At times I wonder if I have wandered into the wrong profession because I can literally “pour my heart out” in a story or blog only to be met with real and virtual, cyber-space silence. In these “no response” cases, the silence is not necessarily golden, but it does provide a great opportunity to truly appreciate the responses that do trickle in.
We’re not “in this” for the feedback per se, but we do treasure and save “all feedback” because it sure is nice know when what you’re doing is making a tangible difference in someone else’s life. Feedback’s not our end goal, but positive feedback thrills us because we’re “in this” for “difference making!”
We’re “in this” to connect with the good and share the wonderful stories of people that we meet or know because we believe this good can make a real difference. And so today, it is our privilege and honor to share two feedback stories. We hope you will enjoy them both as much as we have.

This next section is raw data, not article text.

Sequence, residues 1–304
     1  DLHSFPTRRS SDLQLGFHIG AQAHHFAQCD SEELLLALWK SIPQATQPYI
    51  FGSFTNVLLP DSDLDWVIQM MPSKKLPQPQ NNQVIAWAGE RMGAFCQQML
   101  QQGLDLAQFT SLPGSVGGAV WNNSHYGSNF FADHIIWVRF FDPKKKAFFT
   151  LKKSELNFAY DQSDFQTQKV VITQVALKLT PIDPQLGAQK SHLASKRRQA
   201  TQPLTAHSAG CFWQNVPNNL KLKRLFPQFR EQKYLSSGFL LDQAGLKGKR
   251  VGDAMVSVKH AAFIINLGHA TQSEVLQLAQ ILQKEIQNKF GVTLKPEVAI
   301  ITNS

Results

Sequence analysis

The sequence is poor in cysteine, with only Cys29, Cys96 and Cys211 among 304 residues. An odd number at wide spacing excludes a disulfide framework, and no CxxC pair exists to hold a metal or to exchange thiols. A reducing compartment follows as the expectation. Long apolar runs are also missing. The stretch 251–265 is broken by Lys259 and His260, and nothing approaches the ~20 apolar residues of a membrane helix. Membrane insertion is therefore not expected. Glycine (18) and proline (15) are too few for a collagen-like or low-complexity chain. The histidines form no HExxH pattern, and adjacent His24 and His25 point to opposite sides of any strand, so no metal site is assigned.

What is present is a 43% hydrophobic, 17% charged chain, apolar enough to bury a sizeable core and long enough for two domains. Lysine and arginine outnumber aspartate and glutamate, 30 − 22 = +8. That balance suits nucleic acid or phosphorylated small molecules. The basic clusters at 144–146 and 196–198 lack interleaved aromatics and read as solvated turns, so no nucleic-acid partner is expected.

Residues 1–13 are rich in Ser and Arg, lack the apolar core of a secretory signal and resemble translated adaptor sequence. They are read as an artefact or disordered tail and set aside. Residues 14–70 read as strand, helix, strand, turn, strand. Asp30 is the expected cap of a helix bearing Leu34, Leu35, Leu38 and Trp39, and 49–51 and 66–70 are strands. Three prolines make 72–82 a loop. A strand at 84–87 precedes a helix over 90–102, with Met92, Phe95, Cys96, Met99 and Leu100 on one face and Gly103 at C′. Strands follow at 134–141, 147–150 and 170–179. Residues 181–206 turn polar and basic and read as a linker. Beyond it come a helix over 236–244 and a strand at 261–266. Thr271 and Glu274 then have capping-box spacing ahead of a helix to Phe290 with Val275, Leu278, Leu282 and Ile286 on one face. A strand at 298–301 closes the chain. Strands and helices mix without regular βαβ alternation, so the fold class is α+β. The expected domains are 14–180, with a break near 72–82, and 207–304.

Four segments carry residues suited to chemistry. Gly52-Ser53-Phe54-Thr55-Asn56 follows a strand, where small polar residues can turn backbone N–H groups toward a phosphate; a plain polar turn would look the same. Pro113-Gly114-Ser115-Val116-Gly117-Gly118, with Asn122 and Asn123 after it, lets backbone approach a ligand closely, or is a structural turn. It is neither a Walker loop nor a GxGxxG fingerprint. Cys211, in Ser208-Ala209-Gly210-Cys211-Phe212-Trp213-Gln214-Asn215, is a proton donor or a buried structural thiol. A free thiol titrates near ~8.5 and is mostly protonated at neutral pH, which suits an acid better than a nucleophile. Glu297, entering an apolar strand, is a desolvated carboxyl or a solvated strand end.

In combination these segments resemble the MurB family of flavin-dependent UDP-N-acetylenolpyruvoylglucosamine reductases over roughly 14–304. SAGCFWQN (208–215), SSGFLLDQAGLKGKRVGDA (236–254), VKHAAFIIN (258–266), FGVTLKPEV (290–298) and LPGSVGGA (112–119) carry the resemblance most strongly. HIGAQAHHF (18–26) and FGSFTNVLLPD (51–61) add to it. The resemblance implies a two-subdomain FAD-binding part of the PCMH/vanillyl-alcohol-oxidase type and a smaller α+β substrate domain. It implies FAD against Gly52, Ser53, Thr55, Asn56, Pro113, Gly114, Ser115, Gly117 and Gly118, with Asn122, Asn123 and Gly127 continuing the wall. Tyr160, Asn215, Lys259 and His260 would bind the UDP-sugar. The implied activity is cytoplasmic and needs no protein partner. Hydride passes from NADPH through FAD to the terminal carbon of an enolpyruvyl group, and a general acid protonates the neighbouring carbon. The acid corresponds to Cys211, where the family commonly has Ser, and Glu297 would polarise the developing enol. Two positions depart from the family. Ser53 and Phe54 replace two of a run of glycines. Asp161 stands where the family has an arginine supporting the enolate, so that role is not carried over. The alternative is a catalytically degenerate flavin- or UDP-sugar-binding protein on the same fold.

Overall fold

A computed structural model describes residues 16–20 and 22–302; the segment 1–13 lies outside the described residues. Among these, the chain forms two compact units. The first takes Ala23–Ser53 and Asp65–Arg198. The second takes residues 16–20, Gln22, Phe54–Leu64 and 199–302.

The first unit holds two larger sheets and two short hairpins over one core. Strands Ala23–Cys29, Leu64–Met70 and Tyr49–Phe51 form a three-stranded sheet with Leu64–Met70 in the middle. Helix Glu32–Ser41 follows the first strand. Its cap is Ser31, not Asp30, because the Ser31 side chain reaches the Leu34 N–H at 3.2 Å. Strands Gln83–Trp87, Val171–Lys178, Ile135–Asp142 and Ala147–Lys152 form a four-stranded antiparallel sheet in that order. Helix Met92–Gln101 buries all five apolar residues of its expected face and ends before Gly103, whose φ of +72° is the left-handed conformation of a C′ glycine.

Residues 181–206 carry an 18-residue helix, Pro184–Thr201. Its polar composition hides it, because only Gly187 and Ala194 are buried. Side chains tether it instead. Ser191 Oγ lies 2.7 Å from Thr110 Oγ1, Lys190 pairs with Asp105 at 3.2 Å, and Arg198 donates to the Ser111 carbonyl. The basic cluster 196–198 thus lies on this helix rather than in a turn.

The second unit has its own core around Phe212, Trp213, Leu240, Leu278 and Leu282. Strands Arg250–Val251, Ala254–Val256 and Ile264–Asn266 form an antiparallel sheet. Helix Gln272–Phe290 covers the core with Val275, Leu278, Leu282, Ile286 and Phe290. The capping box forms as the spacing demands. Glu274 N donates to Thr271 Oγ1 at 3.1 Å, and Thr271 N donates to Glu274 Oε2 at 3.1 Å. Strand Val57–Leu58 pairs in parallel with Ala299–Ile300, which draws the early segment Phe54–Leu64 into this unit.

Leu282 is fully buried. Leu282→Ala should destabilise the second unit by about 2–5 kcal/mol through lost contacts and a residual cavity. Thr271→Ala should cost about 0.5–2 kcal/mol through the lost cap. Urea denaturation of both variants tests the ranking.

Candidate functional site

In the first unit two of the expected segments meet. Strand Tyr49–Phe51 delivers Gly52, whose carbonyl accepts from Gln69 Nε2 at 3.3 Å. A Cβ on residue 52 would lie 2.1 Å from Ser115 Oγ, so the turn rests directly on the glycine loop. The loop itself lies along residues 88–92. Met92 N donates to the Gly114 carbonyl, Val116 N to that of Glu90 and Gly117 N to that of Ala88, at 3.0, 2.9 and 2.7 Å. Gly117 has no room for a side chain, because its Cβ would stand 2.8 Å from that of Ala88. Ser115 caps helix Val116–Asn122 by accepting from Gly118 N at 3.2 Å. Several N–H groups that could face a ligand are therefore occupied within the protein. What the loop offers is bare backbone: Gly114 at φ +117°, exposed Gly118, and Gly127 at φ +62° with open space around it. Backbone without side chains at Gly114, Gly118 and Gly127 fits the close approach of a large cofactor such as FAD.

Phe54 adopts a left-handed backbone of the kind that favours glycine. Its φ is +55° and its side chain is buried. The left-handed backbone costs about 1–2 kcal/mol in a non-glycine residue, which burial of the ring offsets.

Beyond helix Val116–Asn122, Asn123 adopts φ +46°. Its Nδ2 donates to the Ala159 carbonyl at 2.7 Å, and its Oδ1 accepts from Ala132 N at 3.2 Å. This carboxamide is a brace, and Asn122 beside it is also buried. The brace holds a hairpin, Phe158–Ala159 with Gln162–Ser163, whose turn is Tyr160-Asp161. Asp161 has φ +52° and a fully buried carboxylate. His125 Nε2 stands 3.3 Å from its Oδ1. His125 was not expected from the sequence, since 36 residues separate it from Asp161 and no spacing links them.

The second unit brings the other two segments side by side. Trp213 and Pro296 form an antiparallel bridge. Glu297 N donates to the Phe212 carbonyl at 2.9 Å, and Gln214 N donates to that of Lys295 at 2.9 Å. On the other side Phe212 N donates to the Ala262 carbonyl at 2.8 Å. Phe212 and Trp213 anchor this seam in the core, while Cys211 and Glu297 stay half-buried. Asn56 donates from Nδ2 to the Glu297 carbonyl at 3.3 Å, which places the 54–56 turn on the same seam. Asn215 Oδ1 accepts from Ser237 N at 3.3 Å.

The first response comes from Major Jack Mullinax, an active duty soldier stationed in Iraq. Jack has been away from his family on various assignments for years and hopes to return home in the late fall. When I thanked this Chief of Plans Major for his courage and bravery, Major Mullinax earnestly protested, saying “Ms. McCain … thank you for your kind remarks, but ‘bravery’ and ‘courage"’ should not be used to describe my level of involvement. Those words should be reserved for the Soldiers that go out looking for trouble. As you can see from my signature block, I am a planner--that hardly requires courage and bravery! Aside from the random indirect fire attacks (rockets and mortars), the heat is the biggest threat I face day-to-day.” (Emphasis mine because I find that statement extraordinary.)